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DOT to U.S. Airlines: Make Flight Refunds Easier

New rules take some uncertainty out of the air-travel experience for on-the-road meeting professionals and their attendees. Here’s what’s new.

Delayed and canceled flights, lost bags, wonky WiFi: You can’t police these travel hassles out of existence, but standards can be set for how airlines will deal with them when they happen.

Right now, U.S. airlines set their own standards for what kind of flight problems warrant a refund, when and how refunds are issued, when baggage is considered lost, and other gray areas. However, a new rule from the Department of Transportation issued on April 24 intends to bring a consistent approach to the process.

Here’s what the DOT new rules say:

How late is late? Passengers will be entitled to a refund if their flight is canceled or “significantly changed,” and they don’t take alternative transportation or travel credits. The DOT rule defines “significant change” as a flight departure or arrival time that is delayed by more than three hours domestically or six hours internationally.

Consistent refunds: Travelers will also be entitled to refunds when
• their flight arrives at a different airport than expected;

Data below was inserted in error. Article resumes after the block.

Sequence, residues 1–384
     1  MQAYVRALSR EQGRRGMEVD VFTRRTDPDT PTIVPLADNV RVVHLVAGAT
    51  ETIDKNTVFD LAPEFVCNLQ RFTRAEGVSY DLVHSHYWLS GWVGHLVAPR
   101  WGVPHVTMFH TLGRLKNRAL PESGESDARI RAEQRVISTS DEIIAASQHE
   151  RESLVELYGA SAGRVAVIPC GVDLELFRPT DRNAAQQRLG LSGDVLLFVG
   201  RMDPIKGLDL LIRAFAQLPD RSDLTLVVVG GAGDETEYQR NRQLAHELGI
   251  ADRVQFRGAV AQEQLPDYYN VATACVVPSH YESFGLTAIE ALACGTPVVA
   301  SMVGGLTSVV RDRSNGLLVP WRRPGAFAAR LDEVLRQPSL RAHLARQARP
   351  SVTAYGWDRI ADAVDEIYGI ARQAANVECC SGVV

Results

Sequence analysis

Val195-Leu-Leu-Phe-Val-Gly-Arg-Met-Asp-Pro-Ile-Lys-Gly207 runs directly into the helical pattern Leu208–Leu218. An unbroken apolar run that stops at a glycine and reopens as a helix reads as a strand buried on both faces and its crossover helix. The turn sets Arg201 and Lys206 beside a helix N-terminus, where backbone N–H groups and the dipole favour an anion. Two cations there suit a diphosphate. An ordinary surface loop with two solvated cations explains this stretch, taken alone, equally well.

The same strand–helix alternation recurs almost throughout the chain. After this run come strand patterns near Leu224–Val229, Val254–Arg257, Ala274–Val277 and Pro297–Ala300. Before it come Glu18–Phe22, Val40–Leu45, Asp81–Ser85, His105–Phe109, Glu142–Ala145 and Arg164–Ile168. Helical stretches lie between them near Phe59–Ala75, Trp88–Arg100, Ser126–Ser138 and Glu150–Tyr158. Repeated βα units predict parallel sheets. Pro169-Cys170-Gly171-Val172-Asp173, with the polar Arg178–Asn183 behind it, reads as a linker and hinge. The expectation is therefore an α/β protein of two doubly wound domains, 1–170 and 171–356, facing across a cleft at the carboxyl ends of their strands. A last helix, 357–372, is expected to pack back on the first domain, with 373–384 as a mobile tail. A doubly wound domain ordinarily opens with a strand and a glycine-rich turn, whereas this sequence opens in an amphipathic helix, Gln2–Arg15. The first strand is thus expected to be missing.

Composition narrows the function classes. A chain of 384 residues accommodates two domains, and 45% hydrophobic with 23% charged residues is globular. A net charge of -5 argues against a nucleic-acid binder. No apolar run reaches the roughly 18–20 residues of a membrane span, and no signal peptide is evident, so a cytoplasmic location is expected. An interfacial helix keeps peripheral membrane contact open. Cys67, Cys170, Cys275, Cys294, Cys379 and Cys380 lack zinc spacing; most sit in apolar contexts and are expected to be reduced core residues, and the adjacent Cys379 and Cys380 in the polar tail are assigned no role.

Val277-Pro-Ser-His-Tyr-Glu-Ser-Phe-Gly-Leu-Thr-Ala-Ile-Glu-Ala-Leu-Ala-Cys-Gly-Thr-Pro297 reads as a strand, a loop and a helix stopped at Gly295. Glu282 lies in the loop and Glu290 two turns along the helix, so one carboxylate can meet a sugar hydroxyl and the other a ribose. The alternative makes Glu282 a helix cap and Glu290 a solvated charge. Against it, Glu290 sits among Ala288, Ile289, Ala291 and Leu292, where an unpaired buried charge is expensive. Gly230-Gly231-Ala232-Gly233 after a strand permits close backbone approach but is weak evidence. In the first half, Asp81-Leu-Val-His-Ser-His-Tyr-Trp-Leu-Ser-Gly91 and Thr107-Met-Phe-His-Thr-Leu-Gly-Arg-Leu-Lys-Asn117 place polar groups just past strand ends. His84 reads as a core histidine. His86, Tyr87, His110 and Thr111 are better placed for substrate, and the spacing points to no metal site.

• the number of connections increase after a ticket is purchased;
• a passenger is downgraded to a lower class of service;

• the type of plane is different than expected and is therefore less accessible to a person with a disability.

Cash, please: Airlines may not substitute vouchers or travel credits for cash refunds unless the passenger specifically requests it.

Checked bag fees: Passengers who file a lost baggage report will be entitled to a refund of their checked bag fee if the bag is not delivered within 12 hours of a domestic flight arriving at the gate. For international flights, that window is 15 to 30 hours, depending on the length of the flight.

Extra services fees: Passengers often pay extra for Wi-Fi, seat selection, in-flight entertainment, and other services. If an airline fails to provide a purchased service, it will have refund the fee.

Automatic and timely: The DOT expects airlines to issue refunds within seven business days for credit-card purchases (20 days for other payment methods) and to do so automatically, without the passenger having to fill out a lot of paperwork.

Changing the patchwork of airline policies to a consistent framework will not only make it easier for meeting professionals to answer attendees’ travel questions, but it will also eliminate stress and add clarity when they must assert their own refund rights.  The compliance deadline for most of the new rules is this fall.


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